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Chuck McGill: Mother, son share unique basketball bond at state tournament

CHARLESTON, W.Va. -- Lewis D'Antoni, who was born the year before Elkins claimed the first West Virginia high school boys basketball state championship in 1914, will hoist a ceremonial jump ball before the 100th edition of the state tournament commences today.

The 99-year-old former high school hoops coach guided Mullens High School to a Class A state championship in 1955. Two of his sons - Dan and Mike - starred at Mullens and Marshall. Mike, you may have heard, now coaches the Los Angeles Lakers and Dan is on his bench as an assistant. A third son, Mark, also starred on the hardwood and played collegiately at Coastal Carolina.

Basketball gets in the blood. It's passed on from generation to generation, whether it's a family like the D'Antonis who stay between the lines or near them - or a humble sports scribe like me.

My father shared many life lessons on the basketball court. His jersey isn't hanging in the rafters anywhere, but the wisdom he imparted during the years of one-on-one matchups on the unforgiving asphalt probably aren't different than what Lewis D'Antoni passed along to his three successful sons.

When yours truly takes a seat on press row at the Charleston Civic Center for D'Antoni's moment and the first game of the day - No. 3 Charleston Catholic vs. No. 6 Buffalo at 9:30 a.m. - my father will likely be over one of my shoulders watching the action.

This game, however, doesn't just bond men.

Charleston Catholic, the defending Class A state champions, has a senior guard named David Godwin. When he takes the court today, it'll be his fourth consecutive state tournament appearance. Three wins and he'll have a state title ring for each hand.

Hey, it's important for a guard to be able to go left or right.

Three decades ago, Godwin's mother, Lori Caldwell, capped a four-year career at Ravenswood High School. As a freshman and sophomore for the Red Devilettes, she reached the state semifinals. As a junior, Caldwell and older sister Kim helped Ravenswood rout Dunbar by a then-record 33 points for the championship.

Today, David will surpass his mother in state tournament appearances. Lori hopes her son concludes his career Saturday by passing her in titles, too.

"I'm his biggest fan," she said.

For them, basketball is a family affair, although Lori admits she hasn't been willing to step on the court with David since he was in the sixth or seventh grade.

"I can't take it because he'd beat me too bad," she said.

But she'll be there in the stands of the Civic Center watching her only child compete in the sport that has linked them since David first put his hands on a ball.

"He had a basketball in his hands from the time he was sitting and walking," Lori said.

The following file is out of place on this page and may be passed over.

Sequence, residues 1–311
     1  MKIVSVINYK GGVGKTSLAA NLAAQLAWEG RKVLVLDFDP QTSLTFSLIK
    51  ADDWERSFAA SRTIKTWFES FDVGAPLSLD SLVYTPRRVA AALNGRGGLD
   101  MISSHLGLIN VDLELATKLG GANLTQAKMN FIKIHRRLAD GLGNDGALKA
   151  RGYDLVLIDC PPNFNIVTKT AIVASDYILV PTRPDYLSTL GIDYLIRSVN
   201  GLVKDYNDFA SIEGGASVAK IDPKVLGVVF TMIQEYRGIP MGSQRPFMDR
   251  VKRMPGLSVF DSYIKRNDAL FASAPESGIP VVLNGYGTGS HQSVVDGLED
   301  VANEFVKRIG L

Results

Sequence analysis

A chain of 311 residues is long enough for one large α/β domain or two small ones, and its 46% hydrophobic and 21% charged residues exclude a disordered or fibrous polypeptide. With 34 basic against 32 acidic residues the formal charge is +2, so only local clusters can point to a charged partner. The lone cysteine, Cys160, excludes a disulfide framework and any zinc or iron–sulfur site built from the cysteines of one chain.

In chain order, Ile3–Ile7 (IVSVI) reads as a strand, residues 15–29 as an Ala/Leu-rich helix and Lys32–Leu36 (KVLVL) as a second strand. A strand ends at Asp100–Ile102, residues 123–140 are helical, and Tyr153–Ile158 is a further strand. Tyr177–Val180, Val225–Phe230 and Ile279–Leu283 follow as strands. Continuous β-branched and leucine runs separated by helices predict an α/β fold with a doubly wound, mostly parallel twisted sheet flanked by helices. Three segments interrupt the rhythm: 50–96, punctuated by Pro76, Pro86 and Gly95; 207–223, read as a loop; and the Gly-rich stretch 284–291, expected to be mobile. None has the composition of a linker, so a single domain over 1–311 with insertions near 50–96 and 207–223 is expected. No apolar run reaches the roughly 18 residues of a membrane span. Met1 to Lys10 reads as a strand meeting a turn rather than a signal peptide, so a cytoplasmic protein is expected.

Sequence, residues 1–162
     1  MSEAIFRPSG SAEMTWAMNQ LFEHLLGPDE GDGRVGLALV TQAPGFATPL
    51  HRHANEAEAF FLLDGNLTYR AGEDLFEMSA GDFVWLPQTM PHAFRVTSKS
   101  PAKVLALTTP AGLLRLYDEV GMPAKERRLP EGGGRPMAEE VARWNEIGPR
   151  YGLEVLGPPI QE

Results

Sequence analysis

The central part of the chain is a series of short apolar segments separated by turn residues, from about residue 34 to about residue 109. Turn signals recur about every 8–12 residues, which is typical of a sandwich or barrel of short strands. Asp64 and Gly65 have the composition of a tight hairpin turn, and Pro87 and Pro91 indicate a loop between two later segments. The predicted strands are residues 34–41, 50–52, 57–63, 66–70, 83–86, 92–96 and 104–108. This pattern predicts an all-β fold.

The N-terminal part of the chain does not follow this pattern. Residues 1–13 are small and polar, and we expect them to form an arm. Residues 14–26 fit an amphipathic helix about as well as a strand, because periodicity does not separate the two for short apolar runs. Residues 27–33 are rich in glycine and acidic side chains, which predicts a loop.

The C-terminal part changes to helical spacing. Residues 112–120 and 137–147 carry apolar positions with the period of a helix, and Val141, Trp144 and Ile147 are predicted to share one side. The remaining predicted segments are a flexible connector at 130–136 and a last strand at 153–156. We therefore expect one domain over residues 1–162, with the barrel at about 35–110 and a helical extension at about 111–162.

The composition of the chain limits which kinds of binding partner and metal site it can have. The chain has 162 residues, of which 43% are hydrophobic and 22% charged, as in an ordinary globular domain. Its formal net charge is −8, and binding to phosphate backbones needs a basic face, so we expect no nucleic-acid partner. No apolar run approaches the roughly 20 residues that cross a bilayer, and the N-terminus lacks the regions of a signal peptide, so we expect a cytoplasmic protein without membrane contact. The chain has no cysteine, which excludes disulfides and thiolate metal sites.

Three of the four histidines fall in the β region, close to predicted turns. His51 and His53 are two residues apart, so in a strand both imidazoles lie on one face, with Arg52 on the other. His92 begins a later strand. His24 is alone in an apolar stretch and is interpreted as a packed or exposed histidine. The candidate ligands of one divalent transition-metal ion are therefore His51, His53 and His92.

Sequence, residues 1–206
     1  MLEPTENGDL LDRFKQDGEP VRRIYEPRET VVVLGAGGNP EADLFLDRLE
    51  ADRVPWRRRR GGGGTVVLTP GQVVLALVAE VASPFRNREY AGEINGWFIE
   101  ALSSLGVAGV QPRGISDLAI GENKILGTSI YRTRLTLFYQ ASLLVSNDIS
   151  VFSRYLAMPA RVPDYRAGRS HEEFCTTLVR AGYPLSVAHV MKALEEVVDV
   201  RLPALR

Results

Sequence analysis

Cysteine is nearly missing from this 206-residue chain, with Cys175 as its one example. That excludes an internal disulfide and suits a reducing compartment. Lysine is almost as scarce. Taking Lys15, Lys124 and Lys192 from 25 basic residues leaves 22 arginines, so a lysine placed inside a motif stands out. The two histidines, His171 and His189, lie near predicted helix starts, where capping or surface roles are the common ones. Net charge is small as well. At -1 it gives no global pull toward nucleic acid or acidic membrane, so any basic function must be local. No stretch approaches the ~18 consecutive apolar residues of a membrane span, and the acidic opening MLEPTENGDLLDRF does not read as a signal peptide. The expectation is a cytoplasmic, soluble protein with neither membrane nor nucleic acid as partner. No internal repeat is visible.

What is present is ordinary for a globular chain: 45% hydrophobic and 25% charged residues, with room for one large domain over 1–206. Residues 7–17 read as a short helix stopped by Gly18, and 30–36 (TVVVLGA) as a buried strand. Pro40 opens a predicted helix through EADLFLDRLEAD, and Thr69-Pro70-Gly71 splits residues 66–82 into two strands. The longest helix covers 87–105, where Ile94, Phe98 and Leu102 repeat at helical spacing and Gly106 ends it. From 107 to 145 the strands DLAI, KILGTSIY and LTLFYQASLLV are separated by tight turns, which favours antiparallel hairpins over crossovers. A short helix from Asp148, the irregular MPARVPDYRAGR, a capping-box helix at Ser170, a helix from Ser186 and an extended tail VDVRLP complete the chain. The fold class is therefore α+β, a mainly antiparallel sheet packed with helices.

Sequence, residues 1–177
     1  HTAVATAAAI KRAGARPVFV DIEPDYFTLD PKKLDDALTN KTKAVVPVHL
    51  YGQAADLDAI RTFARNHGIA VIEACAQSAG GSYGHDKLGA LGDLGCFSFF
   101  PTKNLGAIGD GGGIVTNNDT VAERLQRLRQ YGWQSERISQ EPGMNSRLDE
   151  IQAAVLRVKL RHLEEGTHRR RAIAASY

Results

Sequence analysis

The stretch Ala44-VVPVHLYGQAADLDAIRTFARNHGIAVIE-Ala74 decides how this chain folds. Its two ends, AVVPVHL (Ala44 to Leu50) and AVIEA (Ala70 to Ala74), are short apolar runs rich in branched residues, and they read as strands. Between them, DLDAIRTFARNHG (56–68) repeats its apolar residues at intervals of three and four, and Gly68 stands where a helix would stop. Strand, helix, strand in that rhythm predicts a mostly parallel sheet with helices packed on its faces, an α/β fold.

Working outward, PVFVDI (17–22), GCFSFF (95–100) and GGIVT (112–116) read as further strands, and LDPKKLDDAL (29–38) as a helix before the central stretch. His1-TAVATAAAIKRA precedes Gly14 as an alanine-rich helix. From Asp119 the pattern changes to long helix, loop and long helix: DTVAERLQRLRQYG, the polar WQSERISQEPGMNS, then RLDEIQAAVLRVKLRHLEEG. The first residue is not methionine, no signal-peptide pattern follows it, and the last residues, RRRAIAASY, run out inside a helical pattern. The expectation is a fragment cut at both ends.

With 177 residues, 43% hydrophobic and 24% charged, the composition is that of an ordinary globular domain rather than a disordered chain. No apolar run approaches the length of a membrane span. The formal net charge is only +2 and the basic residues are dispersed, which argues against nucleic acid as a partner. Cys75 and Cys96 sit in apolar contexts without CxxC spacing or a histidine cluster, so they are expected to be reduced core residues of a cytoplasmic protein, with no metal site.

She has pictures of David shooting a basket at 18 months old.

David is headed to West Virginia University in the fall where he will begin studying to become an actuary. He'll keep basketball as a life sport and compete through intramurals. He wants another title, but not for bragging rights.

"It's more important to me for my team than myself," David said. "But I guess it would be nice. I wouldn't complain about it."

Lori reminisced about her three state tournament experiences after getting there in 1980 and '81 and winning the championship in '82. The Caldwell sisters were named to the all-tournament team in 1982.

"It's always been a big deal for our family," she said. "Ravenswood is such a small town - there's like 4,000 people - so it was like 'Hoosiers' for us."   

There's a photo in the Dec. 10, 1982 issue of the Charleston Daily Mail of Lori, arms extended toward the sky and both feet several inches off the ground, as her team advanced to the '82 finals. Her sister, Kim, is to her left, mouth agape and right fist in the air.

Lori is wearing No. 25 - her odd numbered dark road jersey - in the picture. Her favorite number was 10, which was on her home uniform.

David wears No. 10 for Catholic.  

"Basketball is certainly a bond for us," Caldwell said, "but I also know what basketball taught me and what I carried through my life and how it will help him, too.

"The older you get the more you realize the life lessons you learn from basketball. You learn to win, to lose, to deal with adversity, to adapt, to deal with pressure, to be a leader, to help others and help develop other people.

"You learn so much playing basketball that you truly use in life, but you don't realize that when you're still playing."

Contact sports editor Chuck McGill at chuck.mcgill@dailymail.com or 304-348-7949.


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